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Study highlights benefits of physical, mental activity on thinking may differ in men and women

by Vaishali Sharma
mental ability

According to research, engaging in both physical and mental activities can help prevent dementia and maintain cognitive performance. According to a recent study, these benefits may differ between men and women. The study was published online in the American Academy of Neurology’s medical publication.

The study looked at how physical and mental activities, such as reading, attending courses, playing cards, or playing games, affected cognitive reserve in the areas of thinking speed and memory. Cognitive reserve is a defensive mechanism that maintains people’s minds sharp even when their brains show the underlying abnormalities associated with dementia and cognitive decline.

The study’s creator According to Judy Pa, PhD, of the University of California, San Diego, higher levels of physical activity were connected to higher levels of thinking speed reserve in women but not in males. Increased mental activity was associated with greater reserves of thinking speed in both men and women.

Men and women who were more physically active had no larger memory reserves.

The 758 participants in the research had an average age of 76. Some people had dementia, whereas others had dementia with just minor cognitive impairment. Brain scans were performed on the patients in addition to memory and thinking-speed assessments.

To measure cognitive reserve, researchers compared the overall volume of the hippocampus, a prominent brain area damaged by Alzheimer’s disease, as well as other brain abnormalities connected to dementia, to people’s performance on thinking tasks.

People were also questioned about their average weekly physical activity. They were asked about their involvement in three types of mental activity in the past 13 months, including reading publications, newspapers, or books, attending classes, and playing cards, games, or bingo. They might get one point for each type of activity for a total of three points.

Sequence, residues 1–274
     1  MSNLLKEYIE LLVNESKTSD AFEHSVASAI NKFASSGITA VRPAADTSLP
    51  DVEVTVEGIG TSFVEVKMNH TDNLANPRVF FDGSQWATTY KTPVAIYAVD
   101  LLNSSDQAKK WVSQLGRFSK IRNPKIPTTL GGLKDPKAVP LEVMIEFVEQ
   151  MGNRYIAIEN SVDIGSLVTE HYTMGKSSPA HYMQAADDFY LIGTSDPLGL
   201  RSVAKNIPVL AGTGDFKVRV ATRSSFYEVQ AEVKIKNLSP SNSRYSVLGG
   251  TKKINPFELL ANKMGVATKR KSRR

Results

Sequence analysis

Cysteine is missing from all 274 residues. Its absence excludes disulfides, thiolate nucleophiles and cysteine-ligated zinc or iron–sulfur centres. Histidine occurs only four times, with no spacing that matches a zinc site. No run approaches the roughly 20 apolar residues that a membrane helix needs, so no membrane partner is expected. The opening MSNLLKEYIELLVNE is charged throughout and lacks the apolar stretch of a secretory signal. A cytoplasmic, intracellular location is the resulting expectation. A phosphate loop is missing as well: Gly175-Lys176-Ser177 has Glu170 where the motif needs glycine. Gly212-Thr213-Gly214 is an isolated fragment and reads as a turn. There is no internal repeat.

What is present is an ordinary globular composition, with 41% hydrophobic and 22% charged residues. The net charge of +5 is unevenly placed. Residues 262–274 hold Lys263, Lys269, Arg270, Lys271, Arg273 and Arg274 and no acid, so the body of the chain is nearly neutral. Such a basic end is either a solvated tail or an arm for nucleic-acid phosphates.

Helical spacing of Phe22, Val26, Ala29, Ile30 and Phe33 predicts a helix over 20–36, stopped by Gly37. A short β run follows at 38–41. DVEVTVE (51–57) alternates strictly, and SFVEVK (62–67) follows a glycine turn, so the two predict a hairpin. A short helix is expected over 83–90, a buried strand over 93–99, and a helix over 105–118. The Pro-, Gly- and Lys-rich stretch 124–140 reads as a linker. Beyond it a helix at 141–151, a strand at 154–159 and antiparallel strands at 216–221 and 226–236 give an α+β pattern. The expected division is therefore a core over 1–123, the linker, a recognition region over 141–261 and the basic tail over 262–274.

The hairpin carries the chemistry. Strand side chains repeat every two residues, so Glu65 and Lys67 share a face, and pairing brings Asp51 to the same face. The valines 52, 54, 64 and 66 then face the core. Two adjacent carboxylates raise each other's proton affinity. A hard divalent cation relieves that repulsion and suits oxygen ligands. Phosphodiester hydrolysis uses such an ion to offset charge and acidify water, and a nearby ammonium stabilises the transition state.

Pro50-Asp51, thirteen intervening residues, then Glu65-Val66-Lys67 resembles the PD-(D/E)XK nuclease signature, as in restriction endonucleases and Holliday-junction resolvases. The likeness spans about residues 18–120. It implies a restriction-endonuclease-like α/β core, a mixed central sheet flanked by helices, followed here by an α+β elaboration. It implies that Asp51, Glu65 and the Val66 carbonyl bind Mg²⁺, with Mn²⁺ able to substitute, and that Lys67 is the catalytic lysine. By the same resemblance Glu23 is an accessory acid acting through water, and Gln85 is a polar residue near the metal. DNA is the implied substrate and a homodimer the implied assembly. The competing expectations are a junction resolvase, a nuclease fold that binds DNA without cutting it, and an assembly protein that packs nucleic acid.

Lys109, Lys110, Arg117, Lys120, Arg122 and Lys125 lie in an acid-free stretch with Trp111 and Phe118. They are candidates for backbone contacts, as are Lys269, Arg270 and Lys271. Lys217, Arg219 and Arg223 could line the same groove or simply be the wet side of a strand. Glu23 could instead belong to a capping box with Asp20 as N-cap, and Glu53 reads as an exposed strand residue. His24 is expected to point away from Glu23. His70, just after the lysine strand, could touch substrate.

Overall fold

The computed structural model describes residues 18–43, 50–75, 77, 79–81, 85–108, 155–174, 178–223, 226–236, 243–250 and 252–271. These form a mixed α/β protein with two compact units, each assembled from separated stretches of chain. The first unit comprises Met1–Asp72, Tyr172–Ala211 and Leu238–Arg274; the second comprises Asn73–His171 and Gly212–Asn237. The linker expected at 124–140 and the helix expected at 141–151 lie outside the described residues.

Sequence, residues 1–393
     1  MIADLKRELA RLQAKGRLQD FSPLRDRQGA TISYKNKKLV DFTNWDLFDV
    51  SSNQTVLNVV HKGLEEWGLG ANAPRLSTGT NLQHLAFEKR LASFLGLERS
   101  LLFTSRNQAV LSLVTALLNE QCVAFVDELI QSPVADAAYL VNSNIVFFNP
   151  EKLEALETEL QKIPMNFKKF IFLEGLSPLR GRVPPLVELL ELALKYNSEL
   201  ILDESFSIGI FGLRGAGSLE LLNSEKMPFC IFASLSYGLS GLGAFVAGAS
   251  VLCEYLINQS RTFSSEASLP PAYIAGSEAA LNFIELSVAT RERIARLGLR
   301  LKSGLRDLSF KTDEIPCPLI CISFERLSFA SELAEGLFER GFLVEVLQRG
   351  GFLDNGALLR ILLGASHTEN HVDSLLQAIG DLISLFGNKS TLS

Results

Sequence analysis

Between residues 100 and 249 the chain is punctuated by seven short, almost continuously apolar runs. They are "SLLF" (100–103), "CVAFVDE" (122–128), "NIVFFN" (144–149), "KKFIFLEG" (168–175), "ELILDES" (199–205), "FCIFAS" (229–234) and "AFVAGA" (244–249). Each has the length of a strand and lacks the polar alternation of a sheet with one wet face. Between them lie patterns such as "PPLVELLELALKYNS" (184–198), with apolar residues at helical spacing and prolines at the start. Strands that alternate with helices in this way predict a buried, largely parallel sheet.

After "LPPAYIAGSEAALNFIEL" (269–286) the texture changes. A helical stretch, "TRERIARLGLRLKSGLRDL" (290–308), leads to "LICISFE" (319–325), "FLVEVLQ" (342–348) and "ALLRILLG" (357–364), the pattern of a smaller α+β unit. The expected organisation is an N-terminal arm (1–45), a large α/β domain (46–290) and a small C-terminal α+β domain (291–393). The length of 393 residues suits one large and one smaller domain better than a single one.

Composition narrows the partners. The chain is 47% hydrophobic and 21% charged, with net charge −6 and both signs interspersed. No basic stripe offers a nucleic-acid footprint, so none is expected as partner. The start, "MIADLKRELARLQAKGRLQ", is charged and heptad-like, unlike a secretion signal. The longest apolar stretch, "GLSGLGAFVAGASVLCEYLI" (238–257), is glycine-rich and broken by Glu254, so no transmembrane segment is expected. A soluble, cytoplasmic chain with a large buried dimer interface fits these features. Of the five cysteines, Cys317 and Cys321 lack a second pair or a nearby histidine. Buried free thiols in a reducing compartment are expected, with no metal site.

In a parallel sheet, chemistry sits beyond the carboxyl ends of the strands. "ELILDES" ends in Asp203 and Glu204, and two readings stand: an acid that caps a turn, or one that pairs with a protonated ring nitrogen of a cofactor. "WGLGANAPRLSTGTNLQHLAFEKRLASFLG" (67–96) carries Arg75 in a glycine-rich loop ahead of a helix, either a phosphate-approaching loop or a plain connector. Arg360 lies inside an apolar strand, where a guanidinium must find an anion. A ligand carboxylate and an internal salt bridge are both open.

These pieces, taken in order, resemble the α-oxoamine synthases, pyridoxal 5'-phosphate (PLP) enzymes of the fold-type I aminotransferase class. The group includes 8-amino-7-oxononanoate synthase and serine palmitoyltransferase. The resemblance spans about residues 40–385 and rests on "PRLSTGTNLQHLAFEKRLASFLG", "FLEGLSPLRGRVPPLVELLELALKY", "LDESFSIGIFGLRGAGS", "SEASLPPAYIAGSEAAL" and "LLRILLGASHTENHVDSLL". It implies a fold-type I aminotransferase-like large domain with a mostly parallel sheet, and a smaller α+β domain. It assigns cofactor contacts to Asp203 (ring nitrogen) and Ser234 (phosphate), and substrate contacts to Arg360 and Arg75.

For mental activity, participants received an average of 1.4 points. On average, participants engaged in intense physical activity such as brisk walking and biking for at least 15 minutes every week.

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According to Pa, each additional mental activity a person participated in delayed the ageing of their thinking and processing skills by 13 years, or 17 years for men and 10 years for women.

“Prevention is essential because there are debatably few to no viable treatments for Alzheimer’s disease. Pa once said, “An ounce of prevention is worth a pound of cure. It’s quite thrilling to see that people may possibly increase their cognitive reserve by making small changes like attending community centre classes, playing bingo with friends, or spending more time walking or gardening.

Based on the impact sizes reported in the study, doubling physical activity would be comparable to an estimated 2.75 less years of ageing in women’s processing speed and reasoning skills, according to Pa.

The researchers also looked at whether the APOE e4 gene, which is associated with the highest risk of Alzheimer’s disease, had an effect on the relationship between mental and physical exercise and cognitive reserve. They observed that having the gene reduces the advantages of the link between mental and physical activity and cognitive reserve in women.

The study found no relationship between enhanced cognitive reserve and either physical or mental activity. Only a connection is shown.

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